Fifteen people were also injured in the attack on the Karni crossing on Thursday, the biggest since Mahmud Abbas won Sunday's election to succeed Yasir Arafat as head of the Palestinian Authority.
The attack took place just before 11pm (2100 GMT) at the crossing where farm produce and other goods enter and leave the Gaza Strip.
The Palestinian fighters entered the crossing in a bomb-laden truck minutes before it was to close, the Israeli military said. As the explosives detonated, at least two fighters stormed the Israeli positions.
Palestinian officials were not immediately available for comment. Abbas has been trying to persuade resistance groups such as Hamas and Islamic Jihad to agree to a ceasefire, but so far with no success.
Shortly afterwards, an Israeli helicopter fired two missiles at a target in a Gaza refugee camp.
Mahmud Abbas has asked the
armed movements to disarm
Witnesses said the missiles struck a medical centre in Dair al-Balah refugee camp run by an Islamic charity with links to Hamas.
There were no immediate reports of casualties.
Claims of responsibility
In a statement, the al-Aqsa Martyrs Brigades - affiliated with Abbas' Fatah faction - said the fighters were killed "in a martyrdom operation" near the Karni crossing in southern Gaza.
Hamas also claimed responsibility for the operation.
The Israeli military blamed two Palestinian bombers for the attack. According to reports on Israeli radio, it appeared that both bombers had been killed.
Armed forces radio said a strong explosion from a 150kg charge was heard around the Karni terminal crossing as a number of Israeli forces were moving towards it.
Israeli rescue services said ambulances faced difficulty in entering the area because of an exchange of gunfire.
About 45 minutes after the attack, the gunfire subsided, Israeli radio said. There are several Israeli military installations near the crossing.
Resisting Israeli occupation
In an interview with Aljazeera, Hamas representative in Lebanon, Usama Hamdan congratulated the armed resistance movements for "this heroic operation".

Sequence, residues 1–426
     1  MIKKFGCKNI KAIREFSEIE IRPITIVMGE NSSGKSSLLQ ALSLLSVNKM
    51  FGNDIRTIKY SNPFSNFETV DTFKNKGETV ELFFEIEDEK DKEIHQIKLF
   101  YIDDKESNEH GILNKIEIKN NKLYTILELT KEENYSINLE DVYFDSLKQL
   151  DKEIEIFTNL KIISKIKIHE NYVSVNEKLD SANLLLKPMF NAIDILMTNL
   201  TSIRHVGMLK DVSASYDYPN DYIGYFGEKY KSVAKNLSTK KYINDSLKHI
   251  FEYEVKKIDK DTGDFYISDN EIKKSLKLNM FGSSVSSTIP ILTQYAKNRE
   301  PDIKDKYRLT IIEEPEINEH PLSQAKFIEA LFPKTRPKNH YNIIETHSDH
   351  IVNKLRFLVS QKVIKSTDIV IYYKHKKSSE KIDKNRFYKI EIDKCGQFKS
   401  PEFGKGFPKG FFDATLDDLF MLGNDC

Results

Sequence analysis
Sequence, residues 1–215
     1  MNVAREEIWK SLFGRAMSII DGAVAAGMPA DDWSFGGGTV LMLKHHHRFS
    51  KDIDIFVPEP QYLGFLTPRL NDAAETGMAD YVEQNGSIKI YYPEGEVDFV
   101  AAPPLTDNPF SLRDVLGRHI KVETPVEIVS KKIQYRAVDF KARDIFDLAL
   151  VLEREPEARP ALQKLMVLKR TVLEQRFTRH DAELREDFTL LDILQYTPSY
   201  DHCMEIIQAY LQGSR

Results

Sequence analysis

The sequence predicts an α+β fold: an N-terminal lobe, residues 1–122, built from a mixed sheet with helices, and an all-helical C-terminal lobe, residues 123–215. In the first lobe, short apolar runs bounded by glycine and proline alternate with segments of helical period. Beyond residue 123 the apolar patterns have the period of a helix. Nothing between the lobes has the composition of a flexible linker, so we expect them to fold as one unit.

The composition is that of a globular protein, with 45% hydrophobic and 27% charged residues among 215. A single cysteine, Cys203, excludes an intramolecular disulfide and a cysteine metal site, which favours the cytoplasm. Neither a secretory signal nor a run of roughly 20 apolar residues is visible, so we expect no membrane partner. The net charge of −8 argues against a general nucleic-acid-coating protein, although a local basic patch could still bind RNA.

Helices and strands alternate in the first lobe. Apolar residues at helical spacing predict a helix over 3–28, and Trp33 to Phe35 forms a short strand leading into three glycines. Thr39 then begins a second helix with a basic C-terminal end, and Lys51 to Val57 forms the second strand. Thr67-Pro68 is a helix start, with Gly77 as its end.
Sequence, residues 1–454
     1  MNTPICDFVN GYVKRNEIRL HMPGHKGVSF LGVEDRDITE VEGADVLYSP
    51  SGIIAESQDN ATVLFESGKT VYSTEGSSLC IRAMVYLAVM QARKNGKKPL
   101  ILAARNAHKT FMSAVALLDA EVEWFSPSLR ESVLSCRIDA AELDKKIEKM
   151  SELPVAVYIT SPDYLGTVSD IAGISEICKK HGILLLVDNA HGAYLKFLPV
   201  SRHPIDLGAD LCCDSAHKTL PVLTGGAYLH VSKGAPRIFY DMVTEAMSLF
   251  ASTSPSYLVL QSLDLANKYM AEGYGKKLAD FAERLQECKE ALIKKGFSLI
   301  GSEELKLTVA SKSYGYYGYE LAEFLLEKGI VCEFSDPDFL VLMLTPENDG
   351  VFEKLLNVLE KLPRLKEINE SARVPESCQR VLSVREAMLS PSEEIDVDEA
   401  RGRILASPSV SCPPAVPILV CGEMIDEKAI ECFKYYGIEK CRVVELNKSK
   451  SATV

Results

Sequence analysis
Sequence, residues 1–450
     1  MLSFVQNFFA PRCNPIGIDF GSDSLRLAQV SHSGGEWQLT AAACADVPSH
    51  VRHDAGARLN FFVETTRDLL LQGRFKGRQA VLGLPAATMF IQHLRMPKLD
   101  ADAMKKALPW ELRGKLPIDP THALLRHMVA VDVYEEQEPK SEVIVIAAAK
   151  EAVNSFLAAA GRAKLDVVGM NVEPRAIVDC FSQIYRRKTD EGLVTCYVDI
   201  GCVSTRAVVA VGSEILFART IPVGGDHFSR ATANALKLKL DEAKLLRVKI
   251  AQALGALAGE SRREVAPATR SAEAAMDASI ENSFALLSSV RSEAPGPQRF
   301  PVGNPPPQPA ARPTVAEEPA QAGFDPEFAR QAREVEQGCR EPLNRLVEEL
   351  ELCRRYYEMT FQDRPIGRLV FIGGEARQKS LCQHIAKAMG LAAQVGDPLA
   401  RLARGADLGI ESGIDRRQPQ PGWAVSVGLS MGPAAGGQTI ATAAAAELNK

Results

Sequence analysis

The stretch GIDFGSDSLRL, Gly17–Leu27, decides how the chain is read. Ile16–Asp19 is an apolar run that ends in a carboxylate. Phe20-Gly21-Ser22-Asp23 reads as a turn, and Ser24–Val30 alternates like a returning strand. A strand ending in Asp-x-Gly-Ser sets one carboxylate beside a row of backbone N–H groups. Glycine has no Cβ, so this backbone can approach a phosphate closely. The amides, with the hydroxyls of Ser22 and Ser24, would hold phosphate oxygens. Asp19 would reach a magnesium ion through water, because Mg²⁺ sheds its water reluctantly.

"However, I am shocked with those who consider our anti-occupation jihad operations as a challenge to the Palestinian cause," he told Aljazeera.
Hamdan considers Abbas' call
for halting resistance a mistake
"We consider these operations as a retaliation for many Israeli crimes, a direct challenge to the Israeli occupation, and also a source of support for the Palestinian cause," he added.
Reacting to Abbas' recent calls for stopping the armed resistance, Hamdan said halting the attacks is a demand to the Israelis and not to the Palestinians.
"I believe the new head of the Palestinian Authority will commit a strategic mistake if he starts his duties by attempting to halt the resistance," Hamdan said.
"If this aggression stops, these operations will naturally stop. But as long as the Israeli aggression, occupation and threats exit, the Palestinians will naturally react to this aggression," he said.
"We consider these operations as a retaliation for many Israeli crimes"
Hamas representative in Beirut
Hamdan added that the latest Palestinian attack conveys a message that there is a national agreement on the resistance, wherease there is disagreement over many other issues.
"Any new Palestinian leader should start with the agreed issues rather than the disputed ones," he said. "If he starts with the agreed issues, he will gain a lot of support. But if he starts with the disputed issues, he will be abandoned even by those who have supported him."
In a separate development, Adil Sharaf, 33, a field leader of al-Aqsa Martyrs Brigades, died on Friday of injuries sustained three months ago during an Israeli raid on Jabalya refugee camp in northern Gaza Strip.